I haven't been on here in a while, but I felt like it was time to come back...Updated 5/28/22.
How many people do you meet who have something in their pasts that has shaped their futures?
Kids of divorced parents. Kids of alcoholics. Kids of addicts. Kids of abusers. Kids of narcissistic parents. Kids of absent parents. Kids of overbearing parents. Kids of parents with mental illness. Kids of parents that don’t want to be parents and therefore don’t parent. (Interchange ‘parents’ with guardians or immediate family members or whoever has access to said child.)
Or what about the kids who get bullied. The kids who have anxiety. The kids who don’t have a support system. The kids who have lost a parent or sibling. The kids who don’t feel safe. The kids who don’t have enough to eat. The kids who don’t feel loved and wonder what makes them unlovable and spend their entire lives looking for love in the wrong places. The kids who can’t please their parents enough. The kids who get so used to the chaos in their lives that they feel strange without it—and therefore find ways to create it. The kids who have learning disabilities—especially the ones who don’t get the help they need. The kids who are just…different (even though that means everyone else is just…the same—which is boring right?)
And let’s not forget about the kids who experience a LOT of these at the same time.
These kids grow up and deal with allll that on a daily basis. At their workplaces, at their homes, in their relationships, in their friend groups, on their teams, etc. Access to counselors and therapists (if accepted because there are plenty families who still frown on “getting help” as if it’s a weakness rather than an exit ramp off the rollercoaster) is a wonderful plan, but it’s not always available or affordable. But there’s something I didn’t add to this list…and it seems to be uniquely American:
These chronic shootings at schools and workplaces and public places.
Each murdered child or adult has a family who will now have to add the trauma and loss to whatever else they’ve got—and we’ve all got something. And the shooter? Remember he/she had a family as well, which will forever be associated with that shooting in the most painful of ways. And the town where it happened, the school or store, will be a constant reminder of what happens when someone decides to take others off this planet. d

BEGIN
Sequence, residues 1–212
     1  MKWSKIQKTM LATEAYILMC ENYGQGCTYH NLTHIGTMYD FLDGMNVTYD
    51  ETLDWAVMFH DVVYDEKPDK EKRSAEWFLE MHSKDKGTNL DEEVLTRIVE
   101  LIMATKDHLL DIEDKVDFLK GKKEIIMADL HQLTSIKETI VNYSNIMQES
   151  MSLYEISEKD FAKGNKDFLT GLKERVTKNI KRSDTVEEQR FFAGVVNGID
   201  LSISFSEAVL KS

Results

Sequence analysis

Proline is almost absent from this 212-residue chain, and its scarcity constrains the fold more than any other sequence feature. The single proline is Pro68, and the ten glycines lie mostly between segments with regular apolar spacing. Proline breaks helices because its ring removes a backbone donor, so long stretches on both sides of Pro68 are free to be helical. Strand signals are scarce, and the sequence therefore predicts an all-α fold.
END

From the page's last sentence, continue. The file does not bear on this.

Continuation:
No, taking away all the guns and stopping people from buying them isn’t going to work. And I’m not advocating for that anyway. But what if semi-automatics weren’t so damn easy to get? An 18-year-old has been behind the last two big shootings…let’s make it a lot harder for those just-adults-the-eyes-of-the-law to get an automatic weapon. Let their impatience get the best of them, have them move on to something else maybe? Something less deadly? Their mental health is a top priority, but as I said, that assumes someone takes that initiative, gets the person help, sees it through. That assumes someone is paying attention at all or noticing the signs. I could go down the list of social media and the manifestos posted on websites. Who is flagging those? You cannot be cleared to go into the military—where you would be using weapons that you are trained to use—if you don’t pass the psyche exam. You can’t even purchase more than one box of over the counter cold medicine at a time without your ID. For good reason, yes, but surely the fear of you cooking drugs is similar to you having a weapon at your disposal when you are at your wits end…and someone else could very well lose his/her life because of it?
My point here is that there are MANY things that could be done so that Uvalde or Buffalo or…fill in the blank with one of the shootings we’ve had in our recent history. There are many, and we should do them all. And that includes sensible gun control. Because it is a part of the problem. And it’s the most deadly one.